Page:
Discover more from North Carolina Rabbit Hole
What Fools These Mortals Be!
Today's edition is a three-parter that includes signs at the state fair, incredible yearbook pictures, and an update on the guy who sued Texas Pete because he thought it was made in Texas.
North Carolina Rabbit Hole At The Fair!
You might be sick of hearing me talk about this, but since the North Carolina Fair opens today, I gotta tell you about this one more time.
Back in April, I got an email from some folks at the fair. They’ve had a scavenger hunt for kids for some time now, and they asked me if I could help launch one for adults.
And lo, it came to be:
Here’s how this works: There are signs all around the fairgrounds. Visit each one, match up the highlighted letters to the answer grid at the bottom, solve the puzzle, and then claim your prize. That’s it. If you want a printable version of this sheet, or want to see some of the scavenger hunts for kids at the fair, you can find them all here.
I didn’t grow up going to the fair (Here’s my fairly regular disclosure that I’m an Ohioan by birth). I finally got there in 2015, when Our State dispatched me to eat a bunch of stuff. Here’s how that went.
I’d like to think it was my stellar coverage of deep fried peanut butter pickles (ew) that ultimately made this happen but no: According to the fair folks, it was this story about Richard Petty autographing a live duck at the 1991 state fair that pushed them over the edge. Now, look, you may be saying to yourself: How does one sign a living bird? Who, uh, procured this bird? How does something like this happen? Folks, I have won actual, real awards for my investigative journalism. Believe when I tell you: I’m 99% sure I figured this out.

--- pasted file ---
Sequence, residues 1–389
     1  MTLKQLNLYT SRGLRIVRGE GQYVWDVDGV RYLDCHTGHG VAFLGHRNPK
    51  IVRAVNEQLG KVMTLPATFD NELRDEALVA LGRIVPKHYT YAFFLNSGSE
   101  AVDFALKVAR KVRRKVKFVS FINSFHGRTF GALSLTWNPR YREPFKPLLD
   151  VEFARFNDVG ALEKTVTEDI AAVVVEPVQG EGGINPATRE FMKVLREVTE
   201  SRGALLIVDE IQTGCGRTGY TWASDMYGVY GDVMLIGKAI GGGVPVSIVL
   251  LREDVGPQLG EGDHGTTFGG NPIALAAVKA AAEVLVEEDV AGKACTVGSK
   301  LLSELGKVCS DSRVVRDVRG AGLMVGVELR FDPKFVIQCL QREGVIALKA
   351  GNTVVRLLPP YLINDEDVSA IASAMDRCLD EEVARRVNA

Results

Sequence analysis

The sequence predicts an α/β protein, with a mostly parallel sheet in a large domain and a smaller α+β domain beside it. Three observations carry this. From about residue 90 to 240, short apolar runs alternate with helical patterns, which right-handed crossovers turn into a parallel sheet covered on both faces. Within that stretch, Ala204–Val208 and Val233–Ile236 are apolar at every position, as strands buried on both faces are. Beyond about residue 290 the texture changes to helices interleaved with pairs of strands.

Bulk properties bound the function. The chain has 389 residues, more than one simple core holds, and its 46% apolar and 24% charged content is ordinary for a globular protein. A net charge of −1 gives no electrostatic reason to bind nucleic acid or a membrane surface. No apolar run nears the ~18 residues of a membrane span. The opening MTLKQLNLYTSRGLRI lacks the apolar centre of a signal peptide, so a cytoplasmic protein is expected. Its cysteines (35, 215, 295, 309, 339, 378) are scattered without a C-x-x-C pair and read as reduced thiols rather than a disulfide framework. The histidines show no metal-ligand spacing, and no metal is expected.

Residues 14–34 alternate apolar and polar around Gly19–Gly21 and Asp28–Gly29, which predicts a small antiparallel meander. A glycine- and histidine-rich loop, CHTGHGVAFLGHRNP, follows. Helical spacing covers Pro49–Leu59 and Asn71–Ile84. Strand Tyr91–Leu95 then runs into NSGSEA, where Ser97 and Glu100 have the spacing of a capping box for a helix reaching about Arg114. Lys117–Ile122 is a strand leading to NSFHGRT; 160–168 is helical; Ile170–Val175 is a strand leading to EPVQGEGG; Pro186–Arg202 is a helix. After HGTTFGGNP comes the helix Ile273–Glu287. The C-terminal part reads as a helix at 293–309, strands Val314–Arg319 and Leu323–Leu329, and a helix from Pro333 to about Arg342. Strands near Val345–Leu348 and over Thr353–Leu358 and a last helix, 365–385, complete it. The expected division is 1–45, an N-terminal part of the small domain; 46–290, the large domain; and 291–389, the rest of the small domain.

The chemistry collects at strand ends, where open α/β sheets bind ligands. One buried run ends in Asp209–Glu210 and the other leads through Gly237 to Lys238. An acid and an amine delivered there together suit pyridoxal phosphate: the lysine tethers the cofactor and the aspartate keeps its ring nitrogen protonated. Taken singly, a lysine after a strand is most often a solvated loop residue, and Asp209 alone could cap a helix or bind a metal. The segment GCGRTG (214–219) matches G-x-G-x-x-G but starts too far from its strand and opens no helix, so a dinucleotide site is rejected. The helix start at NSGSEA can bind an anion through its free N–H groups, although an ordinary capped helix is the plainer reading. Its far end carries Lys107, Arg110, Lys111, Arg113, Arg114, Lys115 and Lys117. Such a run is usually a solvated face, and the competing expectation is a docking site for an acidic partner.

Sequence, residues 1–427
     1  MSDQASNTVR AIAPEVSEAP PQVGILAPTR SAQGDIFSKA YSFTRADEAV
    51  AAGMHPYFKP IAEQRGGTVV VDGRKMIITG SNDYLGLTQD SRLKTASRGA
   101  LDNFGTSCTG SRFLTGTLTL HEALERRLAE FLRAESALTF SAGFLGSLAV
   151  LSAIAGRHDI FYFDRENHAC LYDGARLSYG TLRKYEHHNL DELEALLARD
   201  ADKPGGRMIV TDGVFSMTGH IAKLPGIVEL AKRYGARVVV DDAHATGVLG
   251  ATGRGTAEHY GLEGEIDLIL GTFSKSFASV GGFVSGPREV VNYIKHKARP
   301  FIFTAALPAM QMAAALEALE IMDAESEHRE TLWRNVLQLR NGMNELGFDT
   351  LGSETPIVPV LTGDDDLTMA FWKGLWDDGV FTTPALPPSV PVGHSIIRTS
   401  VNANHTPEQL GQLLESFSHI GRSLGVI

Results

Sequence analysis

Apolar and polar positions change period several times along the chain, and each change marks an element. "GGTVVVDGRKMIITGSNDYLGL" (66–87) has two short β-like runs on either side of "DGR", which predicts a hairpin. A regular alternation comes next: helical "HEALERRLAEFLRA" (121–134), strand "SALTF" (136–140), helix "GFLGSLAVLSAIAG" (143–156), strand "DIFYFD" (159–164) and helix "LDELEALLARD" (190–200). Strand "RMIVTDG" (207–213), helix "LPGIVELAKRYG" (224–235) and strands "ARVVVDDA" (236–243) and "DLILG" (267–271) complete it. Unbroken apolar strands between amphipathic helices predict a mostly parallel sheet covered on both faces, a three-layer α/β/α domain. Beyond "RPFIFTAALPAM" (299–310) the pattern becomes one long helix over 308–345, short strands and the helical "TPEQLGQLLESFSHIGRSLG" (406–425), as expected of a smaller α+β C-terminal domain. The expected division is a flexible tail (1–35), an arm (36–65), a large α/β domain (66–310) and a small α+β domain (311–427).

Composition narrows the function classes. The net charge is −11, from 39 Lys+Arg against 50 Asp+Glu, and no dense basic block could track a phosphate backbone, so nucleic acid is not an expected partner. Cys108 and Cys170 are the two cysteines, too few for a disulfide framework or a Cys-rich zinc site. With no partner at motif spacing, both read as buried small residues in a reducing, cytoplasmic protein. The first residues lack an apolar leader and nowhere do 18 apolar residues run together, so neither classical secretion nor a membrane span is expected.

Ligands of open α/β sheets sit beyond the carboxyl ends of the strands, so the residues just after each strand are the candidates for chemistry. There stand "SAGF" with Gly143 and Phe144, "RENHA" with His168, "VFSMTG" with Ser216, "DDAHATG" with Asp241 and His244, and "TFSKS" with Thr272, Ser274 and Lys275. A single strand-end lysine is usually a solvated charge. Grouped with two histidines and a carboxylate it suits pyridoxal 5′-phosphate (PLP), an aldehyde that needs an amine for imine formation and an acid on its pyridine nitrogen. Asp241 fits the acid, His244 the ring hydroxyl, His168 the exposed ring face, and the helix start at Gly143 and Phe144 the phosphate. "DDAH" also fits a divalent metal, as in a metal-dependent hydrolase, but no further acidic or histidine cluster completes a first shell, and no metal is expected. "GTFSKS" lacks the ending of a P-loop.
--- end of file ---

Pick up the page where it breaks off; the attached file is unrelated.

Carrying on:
Anyhow, the fair folks have placed one of the Rabbit Hole scavenger hunt signs at the site of the alleged duck signing. If you see it, snap a picture, and wallow in the glory of life’s rich pageant.
The Most Credulous Man In America Says His Friends Are Being Harassed
Update time! Last October, I brought you the story of the man who filed a class action lawsuit against Texas Pete hot sauce because he thought it was made in Texas. Spoiler alert—it’s actually made in Winston-Salem, and always has been. Well last week, that guy up and dropped the suit, about a year after he filed it. He also, uh, revealed a little bit about himself for the first time. Here’s what he said in a court filing, via Justyn Melrose of WGHP-TV, who has been all over this story for a year now:
“I do not want my friends or their family to be harassed simply because I am a Plaintiff in this case,” [Philip] White said. “I am also aware that Defendant is making defamatory statements about me and my character in public documents filed in this case with no basis and I wish for that stop.”
One of the biggest questions I’ve had all along about this case is: Who, exactly, is this Phillip White guy? Turns out, he’s 28, lives in Los Angeles, and his former college roommate is married to an attorney who works at Clarkson Law Firm in Malibu, California. That’s the firm that filed the class action suit against Texas Pete on behalf of White.
If that seems a little sketchy to you, you’re not the only one. In 2021, White filed a class action lawsuit against Kroger. At issue: White had gone to the grocery store and bought sunscreen that billed itself as “Reef Friendly.” The suit said chemicals in the sunscreen actually posed a threat to coral. In response, Kroger’s attorneys said that “Mr. White admitted, in deposition, that he was recruited to serve as a plaintiff for The Clarkson Firm by his ‘best friend,’ Danny O’Brien, who now was married to Lauren Anderson, a lawyer at Clarkson.” Say, that’s illegal!